The Moment of Truth — October 14, 2006

Moral Turkitude

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Mel Gibson said on some TV show that he’s a jolly drunk until, at a certain critical blood-alcohol ratio, he snaps and turns psycho. Not to imply a correlation between such an alcohol problem and anti-Semitism, but it’s a fact Hitler suffered a similar weakness. He couldn’t drink tequila.

Q. Why couldn’t Hitler drink tequila?

A. Cuz it made him mean.

Speaking of genocide, Orhan Pamuk, who won’t let his fellow Turks forget their Armenian one, in spite of their best efforts, won the Nobel Prize for literature this week. At eleven years old, he’s the youngest person to win a Nobel Prize since Mozart. Talk about a young Turk!

All right, he’s in his fifties. Had Mozart lived into his fifties he might have won an Oscar, a Tony, several Grammies, a Bloggy, and probably a few Olympic gold medals. For our generation, Pamuk will have to do. This year he also got the Prix Mediterranee Etranger, which is French for “Strange Mediterranean Prize”—in this case a lifetime supply of squid ink. Pamuk also won the Medici Prize, which is a prize the French give to foreign writers. That’s a pretty strange prize, too: a box of doorknobs. I’m not sure why the French give such strange prizes to foreigners. It’s almost as if they’re trying to unload a lot of extra stuff they have lying around. If so, I think they ought to come clean about it and have a garage sale.

“Garage,” by the way, comes from an ancient proto-Gaulish word, “garaj,” which means “cave of forgotten items.”

And a forgotten item is just what the Turkish government wants the Armenian genocide to be. They even have laws against remembering it. Now, Turkey wants to join the EU. But at least one country in the EU has laws against DENYING a certain genocide. You know the one I mean.

What a mismatched pair of prohibitions. Call it a clash of censorships.

And now French legislators, to further honor Orhan Pamuk, I guess, are trying to pass a law against denying the Armenian Holocaust. One can consider such an attempt offensively overreaching or simply stupid, but let’s be generous and say it’s the first time a law has been passed solely as a gesture of satire. It’s almost as if all of Europe is saying to the government of Turkey, “This is what you have to look forward to if you join the EU: individuals who criticize you are apt to gain a lot more prestige than you’re used to according them, and the French will really milk it. All your moral foibles will be pointed out and flogged by self-righteous intellectuals and artists. Are you ready for that? We didn’t think so.”

Not that critics of the Turkish government don’t have the right if not the obligation to speak out against Turkey’s crimes against humanity. To this day Turkey’s got an atrocious relationship with its Kurdish population, as well as others it defines as enemies of the state. And Turkish prisons, of course, are proverbial. In French prison there’s a dessert cart. Turkish prison, by contrast, is one of the few places on Earth where you can’t get Turkish Delight. Well, you can get something CALLED Turkish Delight, but it doesn’t mean the same thing, and it’s not delightful. And the taffy ain’t nothing to write home about, neither.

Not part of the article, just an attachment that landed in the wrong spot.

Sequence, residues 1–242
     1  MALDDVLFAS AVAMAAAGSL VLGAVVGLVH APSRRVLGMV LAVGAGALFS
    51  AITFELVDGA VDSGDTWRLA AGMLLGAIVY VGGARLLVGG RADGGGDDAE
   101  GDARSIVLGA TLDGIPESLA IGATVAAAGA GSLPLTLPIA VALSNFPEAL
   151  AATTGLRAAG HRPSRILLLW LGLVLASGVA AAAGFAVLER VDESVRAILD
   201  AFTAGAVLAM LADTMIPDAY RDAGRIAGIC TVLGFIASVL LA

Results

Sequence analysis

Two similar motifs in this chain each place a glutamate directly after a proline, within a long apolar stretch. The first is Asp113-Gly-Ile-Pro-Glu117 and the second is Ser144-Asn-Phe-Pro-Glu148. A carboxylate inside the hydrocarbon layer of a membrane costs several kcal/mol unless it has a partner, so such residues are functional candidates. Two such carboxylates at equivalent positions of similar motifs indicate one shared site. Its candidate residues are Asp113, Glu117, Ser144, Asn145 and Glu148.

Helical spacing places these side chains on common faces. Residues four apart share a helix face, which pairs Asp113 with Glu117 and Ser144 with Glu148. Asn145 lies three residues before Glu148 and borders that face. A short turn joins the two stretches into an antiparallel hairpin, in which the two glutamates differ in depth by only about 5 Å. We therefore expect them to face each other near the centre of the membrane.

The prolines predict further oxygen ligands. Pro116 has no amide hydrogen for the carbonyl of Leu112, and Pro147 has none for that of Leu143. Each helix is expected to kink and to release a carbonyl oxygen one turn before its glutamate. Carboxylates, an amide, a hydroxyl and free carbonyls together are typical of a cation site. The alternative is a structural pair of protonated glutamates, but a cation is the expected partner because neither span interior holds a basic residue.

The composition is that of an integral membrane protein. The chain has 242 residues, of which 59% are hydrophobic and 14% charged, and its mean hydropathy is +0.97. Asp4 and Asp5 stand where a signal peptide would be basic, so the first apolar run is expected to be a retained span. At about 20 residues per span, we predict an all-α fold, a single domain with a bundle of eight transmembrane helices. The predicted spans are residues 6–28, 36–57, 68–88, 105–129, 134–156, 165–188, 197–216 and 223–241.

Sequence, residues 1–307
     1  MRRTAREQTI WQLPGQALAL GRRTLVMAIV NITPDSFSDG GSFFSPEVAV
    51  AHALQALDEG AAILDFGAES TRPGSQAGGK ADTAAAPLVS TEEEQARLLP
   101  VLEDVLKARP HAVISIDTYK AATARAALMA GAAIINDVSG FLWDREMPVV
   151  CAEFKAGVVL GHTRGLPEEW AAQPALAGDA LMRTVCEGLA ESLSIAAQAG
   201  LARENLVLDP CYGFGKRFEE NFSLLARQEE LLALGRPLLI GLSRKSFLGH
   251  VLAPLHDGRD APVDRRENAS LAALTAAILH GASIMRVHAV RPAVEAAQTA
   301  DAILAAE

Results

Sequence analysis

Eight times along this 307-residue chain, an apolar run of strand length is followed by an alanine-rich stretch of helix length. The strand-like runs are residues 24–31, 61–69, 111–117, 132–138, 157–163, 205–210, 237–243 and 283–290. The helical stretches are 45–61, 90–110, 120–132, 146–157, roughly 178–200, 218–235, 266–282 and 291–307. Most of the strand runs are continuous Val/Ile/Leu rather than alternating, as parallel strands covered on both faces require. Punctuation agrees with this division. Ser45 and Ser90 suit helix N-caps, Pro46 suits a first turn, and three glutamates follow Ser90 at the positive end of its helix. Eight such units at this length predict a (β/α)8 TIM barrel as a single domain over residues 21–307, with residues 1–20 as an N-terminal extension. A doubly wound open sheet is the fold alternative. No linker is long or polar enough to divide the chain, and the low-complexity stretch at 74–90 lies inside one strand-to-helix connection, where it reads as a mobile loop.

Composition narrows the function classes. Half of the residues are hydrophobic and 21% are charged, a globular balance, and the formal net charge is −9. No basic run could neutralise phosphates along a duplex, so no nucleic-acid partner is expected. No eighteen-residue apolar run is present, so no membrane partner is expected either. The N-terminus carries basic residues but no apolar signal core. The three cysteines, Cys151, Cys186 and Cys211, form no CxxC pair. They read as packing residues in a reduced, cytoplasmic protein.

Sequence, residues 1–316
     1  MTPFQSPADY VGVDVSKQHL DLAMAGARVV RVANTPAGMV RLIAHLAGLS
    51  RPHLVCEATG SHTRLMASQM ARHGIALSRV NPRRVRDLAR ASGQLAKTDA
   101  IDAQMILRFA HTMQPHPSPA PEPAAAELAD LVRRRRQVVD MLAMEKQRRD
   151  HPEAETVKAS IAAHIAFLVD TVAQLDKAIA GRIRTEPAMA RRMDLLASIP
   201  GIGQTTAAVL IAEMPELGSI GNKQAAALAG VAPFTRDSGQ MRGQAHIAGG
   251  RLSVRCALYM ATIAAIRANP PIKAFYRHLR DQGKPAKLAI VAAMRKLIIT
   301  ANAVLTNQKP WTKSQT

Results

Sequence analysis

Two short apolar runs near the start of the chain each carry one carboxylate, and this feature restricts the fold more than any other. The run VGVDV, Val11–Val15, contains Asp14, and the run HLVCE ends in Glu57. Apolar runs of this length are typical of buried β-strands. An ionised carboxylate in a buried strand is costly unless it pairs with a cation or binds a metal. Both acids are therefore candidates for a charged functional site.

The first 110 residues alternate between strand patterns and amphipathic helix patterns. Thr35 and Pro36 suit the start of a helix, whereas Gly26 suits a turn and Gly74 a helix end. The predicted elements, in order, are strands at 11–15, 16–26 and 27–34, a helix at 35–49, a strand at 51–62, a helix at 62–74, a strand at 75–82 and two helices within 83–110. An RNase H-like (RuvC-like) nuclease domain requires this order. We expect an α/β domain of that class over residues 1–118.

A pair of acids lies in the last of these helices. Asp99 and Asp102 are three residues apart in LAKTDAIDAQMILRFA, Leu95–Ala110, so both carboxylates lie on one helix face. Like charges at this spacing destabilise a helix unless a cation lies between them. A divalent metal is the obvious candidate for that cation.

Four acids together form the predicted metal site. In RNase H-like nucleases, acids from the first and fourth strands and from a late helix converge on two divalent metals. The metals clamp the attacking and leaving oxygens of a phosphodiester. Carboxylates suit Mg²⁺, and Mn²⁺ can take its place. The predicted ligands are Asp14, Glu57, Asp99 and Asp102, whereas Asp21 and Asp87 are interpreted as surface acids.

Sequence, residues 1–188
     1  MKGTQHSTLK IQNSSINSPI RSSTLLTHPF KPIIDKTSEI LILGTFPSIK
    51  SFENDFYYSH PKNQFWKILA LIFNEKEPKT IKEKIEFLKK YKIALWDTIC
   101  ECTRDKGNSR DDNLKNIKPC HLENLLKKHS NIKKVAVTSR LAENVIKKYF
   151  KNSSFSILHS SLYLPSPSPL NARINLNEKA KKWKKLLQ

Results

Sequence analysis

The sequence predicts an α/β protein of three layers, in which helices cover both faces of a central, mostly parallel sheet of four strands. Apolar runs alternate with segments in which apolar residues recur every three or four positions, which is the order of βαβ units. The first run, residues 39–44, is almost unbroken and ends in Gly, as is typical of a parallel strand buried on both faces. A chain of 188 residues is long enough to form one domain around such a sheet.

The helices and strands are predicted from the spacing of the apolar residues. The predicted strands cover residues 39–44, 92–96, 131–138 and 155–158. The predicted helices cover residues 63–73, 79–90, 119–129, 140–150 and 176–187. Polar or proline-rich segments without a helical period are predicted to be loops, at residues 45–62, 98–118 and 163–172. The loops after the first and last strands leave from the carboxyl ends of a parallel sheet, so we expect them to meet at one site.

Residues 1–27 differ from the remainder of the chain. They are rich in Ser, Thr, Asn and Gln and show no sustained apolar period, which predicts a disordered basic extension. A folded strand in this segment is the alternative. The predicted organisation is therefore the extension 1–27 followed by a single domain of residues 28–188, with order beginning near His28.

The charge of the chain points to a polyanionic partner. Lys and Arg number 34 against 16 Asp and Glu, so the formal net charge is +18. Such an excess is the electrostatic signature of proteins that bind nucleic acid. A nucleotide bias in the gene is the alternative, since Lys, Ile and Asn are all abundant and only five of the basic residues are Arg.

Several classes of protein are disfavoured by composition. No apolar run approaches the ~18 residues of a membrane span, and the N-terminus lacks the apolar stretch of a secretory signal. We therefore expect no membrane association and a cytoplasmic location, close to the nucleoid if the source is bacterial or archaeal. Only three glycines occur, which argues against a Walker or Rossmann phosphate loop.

Genocide is like the weather: everybody talks about it, you can try to protect yourself from it, but no has been able to stop it, and as the boundaries of human arrogance expand it keeps getting weirder and might one day destroy us all.

One runs across many people who say, “Never again.” But what they mean is, “Never again to us.” And members of a historically victimized group are understandably touchy about their own particular victimization. Still, underlying that kind of identity grievance is pessimism: every nation for itself, each against all. Genocide will be part of the human condition always, so the best we can hope for is to prevent it happening to our kind.

However, there are those who refuse to accept that hopeless article of faith. They believe there’s something positive to be achieved by bringing one’s own nation face-to-face with its immoral acts, and that such a confrontation should be more than an exercise in national shame or even national circumspection. They believe nations can be taught to look beyond their identities, toward greater humanity and the larger world, and understand that equal rights to existence, liberty and dignity are inherent aspects of such a world on both sides of any border.

Writers who can communicate that belief with clarity and power are good writers. I like when they get prizes. Even with the barbed-wire tangle of rhetoric and politics surrounding such an award, at root the awarding of it seems to me a good thing. Pamuk speaks about an international ecumenism, which may be idealistic, but his approach to it is neither megalomaniacal nor ineffectual. He writes novels. Writing novels is an incremental and laborious activity, as world-changing activities go, Lincoln’s legendary quote to Harriet Beecher Stowe notwithstanding. Idealistic teachers, nurses, doctors, artists, legal aids, counselors of the spirit and the psyche, friends, partners, community workers and volunteers—they all practice that same kind of labor.

It’s as pragmatic a means to an idealistic end as anyone has figured out yet. Most of the time it gets short-changed in favor of grand gestures… like, for example, war and atrocities and such.

So, yes, it’s nice to see it recognized in a hard-working novelist. Don’t you think?

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